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Imatinib Mesylate, Busulfan, Fludarabine, and Antithymocyte Globulin for CML Patients

Information source: M.D. Anderson Cancer Center
ClinicalTrials.gov processed this data on August 23, 2015
Link to the current ClinicalTrials.gov record.

Condition(s) targeted: Leukemia

Intervention: Imatinib Mesylate (Drug); Fludarabine (Fludara) (Drug); Busulfan (Drug); Antithymocyte Globulin (ATG) (Drug); Tacrolimus (Drug); Methotrexate (Drug); Donor lymphocyte infusion (DLI) (Procedure); Stem Cell Transplant (Procedure)

Phase: Phase 2

Status: Terminated

Sponsored by: M.D. Anderson Cancer Center

Official(s) and/or principal investigator(s):
Richard E. Champlin, MD, Principal Investigator, Affiliation: M.D. Anderson Cancer Center

Summary

Primary Objective: To estimate the probability of molecular complete remission at one year for the described sequential treatment approach, with nonablative hematopoietic transplantation, post transplant imatinib mesylate and donor lymphocyte infusion, in patients with Ph-positive Chronic Myelogenous Leukemia (CML) not in blastic transformation. Secondary Objective: Response to post transplant Imatinib mesylate therapy for 12 weeks as treatment of residual disease, response to donor lymphocyte infusion (DLI) for residual disease following imatinib mesylate therapy, as well as engraftment, toxicity, disease free survival and survival, effect of busulfan pharmacokinetics on study outcome.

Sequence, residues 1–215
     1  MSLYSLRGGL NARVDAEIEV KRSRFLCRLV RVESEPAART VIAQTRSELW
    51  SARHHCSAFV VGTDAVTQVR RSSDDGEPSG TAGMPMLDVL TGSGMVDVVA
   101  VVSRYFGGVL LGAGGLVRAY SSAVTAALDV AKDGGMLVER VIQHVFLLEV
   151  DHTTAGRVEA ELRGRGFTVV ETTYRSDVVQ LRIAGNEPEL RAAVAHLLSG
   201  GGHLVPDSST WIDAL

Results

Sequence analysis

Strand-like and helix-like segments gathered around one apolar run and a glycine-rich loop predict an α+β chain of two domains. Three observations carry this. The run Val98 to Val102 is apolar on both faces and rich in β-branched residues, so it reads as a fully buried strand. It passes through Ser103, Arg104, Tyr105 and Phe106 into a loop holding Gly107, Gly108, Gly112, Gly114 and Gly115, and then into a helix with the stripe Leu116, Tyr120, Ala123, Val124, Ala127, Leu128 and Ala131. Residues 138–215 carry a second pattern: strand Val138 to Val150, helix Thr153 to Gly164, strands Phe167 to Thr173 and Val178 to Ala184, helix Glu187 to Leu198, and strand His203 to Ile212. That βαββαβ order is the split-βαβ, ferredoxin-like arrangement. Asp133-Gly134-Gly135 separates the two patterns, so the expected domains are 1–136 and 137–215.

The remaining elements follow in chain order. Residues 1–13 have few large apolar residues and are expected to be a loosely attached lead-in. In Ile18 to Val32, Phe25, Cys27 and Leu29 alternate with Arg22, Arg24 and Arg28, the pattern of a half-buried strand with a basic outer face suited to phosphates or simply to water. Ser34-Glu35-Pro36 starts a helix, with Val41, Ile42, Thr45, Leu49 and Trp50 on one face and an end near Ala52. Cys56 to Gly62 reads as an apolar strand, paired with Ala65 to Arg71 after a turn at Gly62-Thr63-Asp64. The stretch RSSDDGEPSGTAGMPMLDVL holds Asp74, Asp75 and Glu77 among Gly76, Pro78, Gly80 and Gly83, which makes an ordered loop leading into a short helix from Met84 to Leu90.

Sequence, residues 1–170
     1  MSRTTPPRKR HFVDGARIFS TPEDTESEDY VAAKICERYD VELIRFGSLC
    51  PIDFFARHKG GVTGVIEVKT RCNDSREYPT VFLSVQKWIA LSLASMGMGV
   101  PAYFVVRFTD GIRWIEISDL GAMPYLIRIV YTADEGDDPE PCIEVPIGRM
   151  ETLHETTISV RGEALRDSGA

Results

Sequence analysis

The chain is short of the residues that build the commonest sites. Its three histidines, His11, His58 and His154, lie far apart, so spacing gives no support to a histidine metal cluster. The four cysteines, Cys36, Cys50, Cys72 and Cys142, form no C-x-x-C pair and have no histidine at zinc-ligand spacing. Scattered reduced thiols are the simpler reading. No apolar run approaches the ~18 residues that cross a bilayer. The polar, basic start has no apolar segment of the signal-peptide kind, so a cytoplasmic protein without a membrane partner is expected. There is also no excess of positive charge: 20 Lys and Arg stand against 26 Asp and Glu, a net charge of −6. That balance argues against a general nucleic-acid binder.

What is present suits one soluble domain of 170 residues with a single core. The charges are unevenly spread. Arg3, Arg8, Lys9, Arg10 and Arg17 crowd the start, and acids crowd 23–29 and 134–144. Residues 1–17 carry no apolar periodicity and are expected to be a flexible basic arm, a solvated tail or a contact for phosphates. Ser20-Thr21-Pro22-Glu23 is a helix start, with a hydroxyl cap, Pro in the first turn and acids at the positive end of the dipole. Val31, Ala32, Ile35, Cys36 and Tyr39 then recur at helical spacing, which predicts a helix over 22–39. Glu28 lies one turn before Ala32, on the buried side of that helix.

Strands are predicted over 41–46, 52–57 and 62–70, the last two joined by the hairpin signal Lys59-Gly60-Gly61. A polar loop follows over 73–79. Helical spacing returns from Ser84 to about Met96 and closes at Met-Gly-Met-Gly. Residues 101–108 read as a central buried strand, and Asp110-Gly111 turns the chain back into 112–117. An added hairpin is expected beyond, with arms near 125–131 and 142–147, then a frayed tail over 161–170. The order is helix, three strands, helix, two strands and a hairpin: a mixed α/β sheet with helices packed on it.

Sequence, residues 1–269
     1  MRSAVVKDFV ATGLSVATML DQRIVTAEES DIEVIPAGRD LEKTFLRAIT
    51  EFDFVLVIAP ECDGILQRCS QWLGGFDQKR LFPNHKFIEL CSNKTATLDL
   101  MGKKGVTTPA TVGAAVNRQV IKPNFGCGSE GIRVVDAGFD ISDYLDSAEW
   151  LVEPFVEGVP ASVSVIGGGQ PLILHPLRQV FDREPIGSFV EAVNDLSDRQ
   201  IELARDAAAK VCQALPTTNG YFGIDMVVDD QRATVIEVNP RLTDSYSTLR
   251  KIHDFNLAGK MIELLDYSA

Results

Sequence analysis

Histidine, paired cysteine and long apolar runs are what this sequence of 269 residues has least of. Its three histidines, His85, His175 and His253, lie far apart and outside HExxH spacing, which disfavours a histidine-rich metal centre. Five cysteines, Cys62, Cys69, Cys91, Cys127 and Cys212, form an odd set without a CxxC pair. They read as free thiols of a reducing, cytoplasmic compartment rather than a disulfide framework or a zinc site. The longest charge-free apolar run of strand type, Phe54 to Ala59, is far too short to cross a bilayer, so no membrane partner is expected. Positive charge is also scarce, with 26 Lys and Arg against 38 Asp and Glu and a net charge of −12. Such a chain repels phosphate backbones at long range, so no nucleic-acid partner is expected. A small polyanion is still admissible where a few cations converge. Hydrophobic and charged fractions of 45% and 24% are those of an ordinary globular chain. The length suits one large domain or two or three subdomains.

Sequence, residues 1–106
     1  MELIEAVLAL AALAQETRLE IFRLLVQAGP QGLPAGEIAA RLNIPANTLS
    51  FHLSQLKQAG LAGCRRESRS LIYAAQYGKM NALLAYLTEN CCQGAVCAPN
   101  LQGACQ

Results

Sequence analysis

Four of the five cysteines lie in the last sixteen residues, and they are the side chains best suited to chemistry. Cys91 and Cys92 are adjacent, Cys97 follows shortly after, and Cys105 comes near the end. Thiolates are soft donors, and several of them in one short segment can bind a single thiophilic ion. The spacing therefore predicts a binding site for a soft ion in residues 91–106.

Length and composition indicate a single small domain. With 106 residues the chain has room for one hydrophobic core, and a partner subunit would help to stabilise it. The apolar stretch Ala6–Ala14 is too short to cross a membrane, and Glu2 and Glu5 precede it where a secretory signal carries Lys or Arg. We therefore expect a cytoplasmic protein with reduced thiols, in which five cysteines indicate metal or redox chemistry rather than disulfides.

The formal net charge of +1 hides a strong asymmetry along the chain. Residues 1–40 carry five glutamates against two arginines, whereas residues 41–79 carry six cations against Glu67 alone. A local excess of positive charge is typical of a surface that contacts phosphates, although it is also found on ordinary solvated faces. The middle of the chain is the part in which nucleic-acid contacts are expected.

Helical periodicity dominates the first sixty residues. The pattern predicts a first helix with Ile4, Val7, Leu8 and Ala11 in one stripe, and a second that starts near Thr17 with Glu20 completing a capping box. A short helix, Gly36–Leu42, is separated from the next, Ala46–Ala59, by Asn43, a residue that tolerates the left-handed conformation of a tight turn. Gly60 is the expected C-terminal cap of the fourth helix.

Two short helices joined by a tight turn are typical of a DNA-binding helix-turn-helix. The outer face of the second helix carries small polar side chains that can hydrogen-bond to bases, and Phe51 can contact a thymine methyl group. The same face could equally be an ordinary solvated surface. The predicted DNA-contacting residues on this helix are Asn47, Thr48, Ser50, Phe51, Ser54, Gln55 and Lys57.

Clinical Details

Official title: Imatinib Mesylate, Busulfan, Fludarabine, Antithymocyte Globulin and Allogeneic Stem Cell Transplantation for Chronic Myelogenous Leukemia